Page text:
Advertising History

DDB North America’s Mark O’Brien Recaps Advertising Week

Mark O'Brien We are pleased to welcome Mark O’Brien as a contributor to The Makegood. Mark has been President of DDB North America at DDB Worldwide Communications Group Inc. and DDB Chicago, Inc. since December 2010. Mr. O’Brien first joined DDB in 1994. He was instrumental in establishing the DDB interactive business unit as a new profit center.   

The 10th Annual Advertising Week held in New York City, September 23–27 was an appropriate mix of learning, connecting, and partying while we celebrated an industry that is hustling to keep up with technology habits of the consumers that brands are trying to connect with today.  With an attendance estimated at 90,000 across a wide range of venues and 198 panels with over 798 speakers, Advertising Week has grown to a scale that its founders never dreamed would happen 10 years ago.

I was working for Ken Kaess when he was CEO of DDB Worldwide and Chairman of the 4A’s over 11 years ago.  He began to pursue the idea for Advertising Week brought to him at that time by Matt Scheckner.  It took a team of people, led by Ken and Matt along with Burtch Drake,  then head of the 4A’s, Ron Berger, CEO of Euro RSCG, and Mike Donahue, part of Burtch’s 4A’s executive team, to put together the plans for the first Advertising Week, held back in 2003. After the first massive effort, I remember Ken wondering if anyone could possibly pull it all off ever again!  Unfortunately, Ken passed away in 2006, but as Burtch Drake, Matt Freeman, Chairman of this year’s Advertising Week, and Keith Reinhard, Chairman Emeritus of DDB, all observed during the Opening Gala on Monday night, Ken is likely looking down on all of us with great pride at what Advertising Week has become (and laughing at all of us for the effort that it still takes to put it all together some 10 years later).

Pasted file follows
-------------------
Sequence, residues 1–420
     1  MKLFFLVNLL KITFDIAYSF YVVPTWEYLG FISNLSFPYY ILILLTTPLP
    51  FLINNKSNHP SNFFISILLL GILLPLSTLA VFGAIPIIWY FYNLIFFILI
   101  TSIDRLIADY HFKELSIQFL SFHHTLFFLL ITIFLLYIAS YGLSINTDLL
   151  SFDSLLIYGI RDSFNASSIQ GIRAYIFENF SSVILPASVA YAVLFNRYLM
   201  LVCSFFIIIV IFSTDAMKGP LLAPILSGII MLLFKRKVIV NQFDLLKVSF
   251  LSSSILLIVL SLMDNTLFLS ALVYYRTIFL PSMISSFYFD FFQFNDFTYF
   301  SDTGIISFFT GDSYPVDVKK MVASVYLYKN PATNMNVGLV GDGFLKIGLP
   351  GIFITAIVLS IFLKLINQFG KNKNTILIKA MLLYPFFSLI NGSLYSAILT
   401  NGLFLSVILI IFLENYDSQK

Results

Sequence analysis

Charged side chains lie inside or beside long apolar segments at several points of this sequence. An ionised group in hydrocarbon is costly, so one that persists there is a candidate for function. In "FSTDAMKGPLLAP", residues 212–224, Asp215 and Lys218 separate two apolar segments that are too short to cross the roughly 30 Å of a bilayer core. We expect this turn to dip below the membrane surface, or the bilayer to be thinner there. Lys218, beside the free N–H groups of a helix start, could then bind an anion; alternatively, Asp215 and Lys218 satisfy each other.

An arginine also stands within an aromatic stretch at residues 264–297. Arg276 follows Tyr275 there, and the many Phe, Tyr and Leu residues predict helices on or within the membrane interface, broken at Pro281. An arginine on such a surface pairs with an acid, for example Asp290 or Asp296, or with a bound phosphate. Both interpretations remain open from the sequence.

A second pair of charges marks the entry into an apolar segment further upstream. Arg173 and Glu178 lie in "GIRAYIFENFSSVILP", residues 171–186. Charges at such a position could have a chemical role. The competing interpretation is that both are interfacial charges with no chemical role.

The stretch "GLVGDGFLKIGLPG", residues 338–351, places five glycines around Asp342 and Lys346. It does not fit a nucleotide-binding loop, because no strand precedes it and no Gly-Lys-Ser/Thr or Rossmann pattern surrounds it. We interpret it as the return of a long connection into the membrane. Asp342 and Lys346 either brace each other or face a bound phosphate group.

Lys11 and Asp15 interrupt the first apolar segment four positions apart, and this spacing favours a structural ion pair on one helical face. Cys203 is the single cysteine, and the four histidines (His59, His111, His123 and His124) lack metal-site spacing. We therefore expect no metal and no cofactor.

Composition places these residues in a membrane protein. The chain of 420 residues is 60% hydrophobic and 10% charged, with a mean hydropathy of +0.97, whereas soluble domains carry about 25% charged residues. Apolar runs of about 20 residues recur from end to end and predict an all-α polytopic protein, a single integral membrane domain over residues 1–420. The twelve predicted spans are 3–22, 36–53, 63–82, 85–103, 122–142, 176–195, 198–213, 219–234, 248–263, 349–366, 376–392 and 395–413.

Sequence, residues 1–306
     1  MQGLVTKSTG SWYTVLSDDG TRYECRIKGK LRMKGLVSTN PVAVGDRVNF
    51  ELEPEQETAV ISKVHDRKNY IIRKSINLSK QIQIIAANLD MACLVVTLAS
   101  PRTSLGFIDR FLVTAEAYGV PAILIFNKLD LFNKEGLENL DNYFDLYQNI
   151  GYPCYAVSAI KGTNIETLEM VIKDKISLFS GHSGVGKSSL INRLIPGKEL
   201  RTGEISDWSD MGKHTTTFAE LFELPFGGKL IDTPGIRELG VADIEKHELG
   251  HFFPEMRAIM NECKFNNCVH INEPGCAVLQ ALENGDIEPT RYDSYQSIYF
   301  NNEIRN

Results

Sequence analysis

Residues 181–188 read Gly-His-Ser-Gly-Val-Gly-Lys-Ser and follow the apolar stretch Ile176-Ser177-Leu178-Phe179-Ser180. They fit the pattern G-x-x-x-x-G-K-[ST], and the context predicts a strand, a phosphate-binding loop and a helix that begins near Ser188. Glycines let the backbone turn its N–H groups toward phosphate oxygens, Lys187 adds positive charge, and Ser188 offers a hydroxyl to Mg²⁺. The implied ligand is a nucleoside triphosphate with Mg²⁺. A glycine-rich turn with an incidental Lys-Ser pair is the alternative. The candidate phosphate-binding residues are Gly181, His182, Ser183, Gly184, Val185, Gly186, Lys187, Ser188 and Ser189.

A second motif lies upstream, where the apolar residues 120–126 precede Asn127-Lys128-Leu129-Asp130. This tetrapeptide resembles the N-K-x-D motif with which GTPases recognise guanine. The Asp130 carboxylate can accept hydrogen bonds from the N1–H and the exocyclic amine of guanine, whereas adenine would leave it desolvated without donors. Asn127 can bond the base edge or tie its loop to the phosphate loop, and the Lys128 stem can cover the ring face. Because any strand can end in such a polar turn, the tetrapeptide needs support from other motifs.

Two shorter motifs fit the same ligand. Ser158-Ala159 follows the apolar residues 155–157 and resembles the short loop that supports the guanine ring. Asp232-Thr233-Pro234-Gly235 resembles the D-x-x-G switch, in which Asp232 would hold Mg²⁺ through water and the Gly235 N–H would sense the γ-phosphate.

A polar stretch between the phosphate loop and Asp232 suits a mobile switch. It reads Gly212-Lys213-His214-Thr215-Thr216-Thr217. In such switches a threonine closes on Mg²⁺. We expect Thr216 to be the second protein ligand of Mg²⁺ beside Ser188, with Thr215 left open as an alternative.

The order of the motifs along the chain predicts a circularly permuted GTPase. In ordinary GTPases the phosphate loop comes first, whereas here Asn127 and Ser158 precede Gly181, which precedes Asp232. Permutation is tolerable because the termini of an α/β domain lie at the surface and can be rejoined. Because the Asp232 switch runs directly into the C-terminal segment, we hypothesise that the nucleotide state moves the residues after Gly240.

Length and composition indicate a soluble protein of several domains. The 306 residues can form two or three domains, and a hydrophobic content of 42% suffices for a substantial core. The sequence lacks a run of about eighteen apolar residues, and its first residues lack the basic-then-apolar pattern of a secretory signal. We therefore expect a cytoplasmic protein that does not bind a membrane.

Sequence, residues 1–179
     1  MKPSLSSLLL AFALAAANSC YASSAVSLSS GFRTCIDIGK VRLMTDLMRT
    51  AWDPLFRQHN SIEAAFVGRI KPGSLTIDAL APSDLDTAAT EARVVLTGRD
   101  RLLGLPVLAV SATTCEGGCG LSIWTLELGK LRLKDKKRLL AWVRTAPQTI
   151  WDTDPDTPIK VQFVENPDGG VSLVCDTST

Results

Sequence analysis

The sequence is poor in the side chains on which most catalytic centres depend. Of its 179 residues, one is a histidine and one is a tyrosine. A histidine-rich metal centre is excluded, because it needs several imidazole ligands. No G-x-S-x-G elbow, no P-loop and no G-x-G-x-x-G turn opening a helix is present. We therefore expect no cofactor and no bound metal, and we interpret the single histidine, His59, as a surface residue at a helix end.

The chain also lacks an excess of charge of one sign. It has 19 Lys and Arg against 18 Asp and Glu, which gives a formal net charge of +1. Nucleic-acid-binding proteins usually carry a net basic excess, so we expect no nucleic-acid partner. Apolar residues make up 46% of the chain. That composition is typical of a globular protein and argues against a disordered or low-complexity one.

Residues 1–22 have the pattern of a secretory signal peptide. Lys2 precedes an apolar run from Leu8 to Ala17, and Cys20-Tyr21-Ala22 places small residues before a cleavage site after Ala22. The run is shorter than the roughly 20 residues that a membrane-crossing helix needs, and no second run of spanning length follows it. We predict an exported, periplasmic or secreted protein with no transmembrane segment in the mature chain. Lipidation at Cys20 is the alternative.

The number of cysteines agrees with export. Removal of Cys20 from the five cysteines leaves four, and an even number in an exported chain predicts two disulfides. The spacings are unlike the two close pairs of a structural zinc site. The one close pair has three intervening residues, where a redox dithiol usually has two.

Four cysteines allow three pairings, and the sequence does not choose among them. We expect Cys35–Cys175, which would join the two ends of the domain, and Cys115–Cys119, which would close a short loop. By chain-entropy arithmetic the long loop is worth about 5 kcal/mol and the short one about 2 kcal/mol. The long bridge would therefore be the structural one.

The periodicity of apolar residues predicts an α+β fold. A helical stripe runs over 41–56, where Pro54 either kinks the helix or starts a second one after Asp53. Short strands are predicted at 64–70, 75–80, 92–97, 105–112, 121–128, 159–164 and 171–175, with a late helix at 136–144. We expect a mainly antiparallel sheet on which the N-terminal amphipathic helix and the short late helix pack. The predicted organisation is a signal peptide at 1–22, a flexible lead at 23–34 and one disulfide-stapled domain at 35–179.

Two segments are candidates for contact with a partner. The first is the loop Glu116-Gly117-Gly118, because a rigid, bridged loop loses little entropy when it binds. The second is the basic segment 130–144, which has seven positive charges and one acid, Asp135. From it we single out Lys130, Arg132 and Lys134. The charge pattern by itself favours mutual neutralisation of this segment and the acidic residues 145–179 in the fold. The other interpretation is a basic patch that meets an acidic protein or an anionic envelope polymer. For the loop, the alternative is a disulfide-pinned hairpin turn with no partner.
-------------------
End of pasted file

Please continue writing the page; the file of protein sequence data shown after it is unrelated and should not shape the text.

My agenda for this year’s Advertising Week included watching as many panels with DDB speakers as I could manage. DDB New York’s Monday panel, “Unlocking Client Creativity,” held at the B.B. King Blues Club, was one of the more popular panels during the conference. DDB New York President Peter Hempel and Account Director Rebecca Rehder took to the stage alongside sparks & honey CEO Terry Young and the 4A’s Nancy Hill to discuss how collaboration and upfront honesty are necessary to generate value for customers. Peter Hempel said, “Co-creativity is about making the work better.” Terry Young urged both clients and employees to “open your eyes and see the conversation space around your brand,” ensuring that there are “surprises almost every time.” Nancy Hill provided insight into operational aspects around collaboration saying, “You need to have a sense about how people will work together and the guidelines and guard rails.”  Peter included a nod to Bill Bernbach, with, “DDB founder Bill Bernbach was the first to legitimize the idea of having a partner by pairing creative and copywriters.”

Being the hot topic of the day, Monday’s Mobile Media Summit at New World Stages drew a wide range of professionals seeking valuable insights into industry growth. Panelists included DDB Worldwide’s Chief Creative Officer, Amir Kassaei, CEO of Celtra Michael Mikek, COO Continuity of McGarryBowen Steve Hicks, VP Global Brand Marketing of Activision, Jonathan Anastas, and SVP/Digital Director of MediaVest, Vanessa Newkirk.  The topic of Digital stole the show as panelists debated on whether or not online and mobile should be seen as a tool or an entirely different concept of human interaction still at its infancy. Amir described how mobile is merely an entry point to a greater form of interaction and also tackled the complex topic of Big Data by applying his three principles of what he believes Big Data is all about: Volume, Velocity, and Variety.

Advertising Week showcases an industry that remains vibrant and relevant, despite the prognostications of many of its constituents. Ken Kaess and the other Advertising Week founders can rest assured that their baby will continue to grow into its second decade.